Another new flower for our Sunnyvale Garden in 2020 are Pinkladies. Pinkladies (Oenothera speciosa) has masses of fragrant, bowl-shaped, satiny flowers. Other common names are evening primrose. We purchased our pinkladies from Summerwinds nursery. The large (2-3 inch wide) flowers open in the evening and remain open until late morning. The flowers age to rose-pink with deeper pink veins. They …

Read More »

California Fuchsia

California Fuchsia (Zauschneria x cana ‘Calistoga Hybrids’) is a ground covering California native with large number of flowers that smother showy grey-green leaves on this low-water, low-maintenance, deer resistant, drought tolerant plant. Grown for its broad, grey leaves, low form and boldly colored carmine flowers, California Fuchsia prefer loose drainage, but adapt easily to clay soil. Plants do tend to …

Read More »

Texas Sage

texas sage

Our Sunnyvale garden has many drought-tolerant plants such as succulents, lavenders, and salvias. Texas Sage ‘Green Cloud’ is a recent purchase from Yamagami Nursery in West San Jose. Texas Sage (Leucophyllum fruitescens) has many common names, including Texas ranger, Texas rain sage, barometer bush, cenizo, silverleaf, and ash-leaf. The plant is not a sage (Salvia ssp.) but it is native …

Read More »

Kiss Me Over The Garden Gate

With its long chains of pink blossoms, kiss-me-over-the-garden-gate is a great addition to a garden. This plant will bloom from mid-summer until fall. It is a favorite cut flower and can be dried and used in floral arrangements. The large, coarse-textured foliage can create a backdrop for other plants. This fast-growing plant can grow to 7 feet tall and can …

Read More »



Antirrhinum majus ‘Chantilly Bronze’ Lots of flowers with an shifting color palette ( goldens, pinks and oranges to deep red) create STRONG and tall enduring vertical interest in a garden bed or a flower arrangement. The strapping 3′ stems maintain their upright stance, even under a bounty of delicately-scented, long-lasting blooms, from Spring all the way through Autumn. After the …

Read More »

Oriental Lily

oriental lily

Oriental lilies are a spectacular and perfumed addition to your summer garden. Growing oriental lily plants is easy with a well-prepared site for bulbs, plenty of sun and good drainage. Some of the most magnificent flowers in the lily family are in this large group of species and cultivars. We originally bought a small bag of bulbs from Yamagami nursery …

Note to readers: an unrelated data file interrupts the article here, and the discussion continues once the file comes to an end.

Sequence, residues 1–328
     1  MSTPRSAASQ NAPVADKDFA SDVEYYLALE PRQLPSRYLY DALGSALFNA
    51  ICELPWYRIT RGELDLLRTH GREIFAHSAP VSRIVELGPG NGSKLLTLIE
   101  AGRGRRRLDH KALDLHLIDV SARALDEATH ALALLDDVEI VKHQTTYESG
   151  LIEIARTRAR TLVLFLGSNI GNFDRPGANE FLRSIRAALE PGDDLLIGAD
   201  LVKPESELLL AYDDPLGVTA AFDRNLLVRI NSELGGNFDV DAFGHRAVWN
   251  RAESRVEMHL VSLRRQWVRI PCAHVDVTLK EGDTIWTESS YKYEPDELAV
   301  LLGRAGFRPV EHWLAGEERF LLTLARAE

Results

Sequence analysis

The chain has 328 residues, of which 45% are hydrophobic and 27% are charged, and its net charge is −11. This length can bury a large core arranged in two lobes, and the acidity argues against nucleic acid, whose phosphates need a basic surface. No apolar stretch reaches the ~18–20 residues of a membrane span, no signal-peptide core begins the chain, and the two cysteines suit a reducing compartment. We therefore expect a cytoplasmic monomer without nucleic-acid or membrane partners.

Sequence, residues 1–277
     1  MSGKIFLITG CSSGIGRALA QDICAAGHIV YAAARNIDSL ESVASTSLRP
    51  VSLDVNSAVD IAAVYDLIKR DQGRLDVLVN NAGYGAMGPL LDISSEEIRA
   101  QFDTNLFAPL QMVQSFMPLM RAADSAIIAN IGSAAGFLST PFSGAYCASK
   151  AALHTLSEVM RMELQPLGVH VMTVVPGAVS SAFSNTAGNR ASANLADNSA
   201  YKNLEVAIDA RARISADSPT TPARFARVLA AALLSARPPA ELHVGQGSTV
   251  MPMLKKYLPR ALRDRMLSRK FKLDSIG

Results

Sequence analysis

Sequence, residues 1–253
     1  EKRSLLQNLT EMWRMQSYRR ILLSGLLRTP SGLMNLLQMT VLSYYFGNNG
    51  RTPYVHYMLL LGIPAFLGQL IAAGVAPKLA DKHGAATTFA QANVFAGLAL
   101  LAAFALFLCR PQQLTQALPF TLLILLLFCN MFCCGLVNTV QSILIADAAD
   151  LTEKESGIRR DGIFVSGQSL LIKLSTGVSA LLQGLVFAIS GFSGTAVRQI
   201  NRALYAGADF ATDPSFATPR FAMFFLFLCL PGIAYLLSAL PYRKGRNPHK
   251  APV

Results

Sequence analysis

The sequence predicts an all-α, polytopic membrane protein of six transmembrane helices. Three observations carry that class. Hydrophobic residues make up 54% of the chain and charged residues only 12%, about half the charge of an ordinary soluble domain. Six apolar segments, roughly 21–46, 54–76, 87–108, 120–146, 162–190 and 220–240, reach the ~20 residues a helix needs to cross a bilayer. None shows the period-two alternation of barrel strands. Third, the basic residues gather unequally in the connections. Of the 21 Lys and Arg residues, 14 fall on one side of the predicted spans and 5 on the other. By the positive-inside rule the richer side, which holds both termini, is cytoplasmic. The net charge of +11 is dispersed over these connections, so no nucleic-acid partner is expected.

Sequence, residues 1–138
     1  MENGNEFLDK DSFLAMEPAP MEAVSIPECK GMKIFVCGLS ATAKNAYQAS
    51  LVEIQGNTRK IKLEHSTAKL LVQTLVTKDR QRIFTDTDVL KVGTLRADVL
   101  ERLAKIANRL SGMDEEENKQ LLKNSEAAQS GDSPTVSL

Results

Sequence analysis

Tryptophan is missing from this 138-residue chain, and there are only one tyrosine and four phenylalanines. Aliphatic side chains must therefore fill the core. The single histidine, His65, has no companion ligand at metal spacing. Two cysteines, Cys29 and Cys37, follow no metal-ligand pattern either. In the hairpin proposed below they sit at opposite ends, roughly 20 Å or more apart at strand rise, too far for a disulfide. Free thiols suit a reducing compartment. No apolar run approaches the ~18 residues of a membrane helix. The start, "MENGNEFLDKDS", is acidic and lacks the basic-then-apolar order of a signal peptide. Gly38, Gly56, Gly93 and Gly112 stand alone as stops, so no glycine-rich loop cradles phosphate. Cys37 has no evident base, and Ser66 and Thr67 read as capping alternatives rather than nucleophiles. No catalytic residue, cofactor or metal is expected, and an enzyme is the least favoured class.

Read More »

Tufted Evening Primrose

Tufted evening primrose (Oenothera caespitosa) is a night bloomer, producing large white flowers that start to open in late afternoon and on into the night. The fragrant blossoms appear to glow in the dark while attracting nighttime pollinators. Once the sun begins to rise, the white blooms fade to a lovely shade of pink that decorates the garden throughout the …

Read More »

Convolvulus tricolor – Blue Ensign

Blue Ensign Morning Glory

Totally technicolor 2.5” royal blue flowers with flashy star­burst centers bloom like crazy, creating an awesome show for several months in Summer. An easy and fast way to add thrills to your garden! Just imagine coming home to these happy little Morning Glory flowers along your front sidewalk or in a pot near your front steps. Instant mood enhancement! Wonderful …

Read More »

Blanket Flower

Gaillardia, or Blanket Flower, is an easy to grow, short-lived perennial with richly colored, daisy-like flowers. There are over two dozen species of Gaillardia and most are native to some area of North America. Gaillardia pulchella, which is native from the southeastern U.S. through to Colorado and south into Mexico, was cross-bred with Gaillardia aristata, a prairie flower, to create …

Read More »


Floss Flower, Ageratum, has small, fluffy, blue button-like flowers add color all season but especially in the fall. It attracts birds, butterflies, and hummingbirds. It continuously blooms for a long time. No dead heading needed. It is tolerant of heat. It is native to North America. Excellent choice for Sunnyvale gardens.

Read More »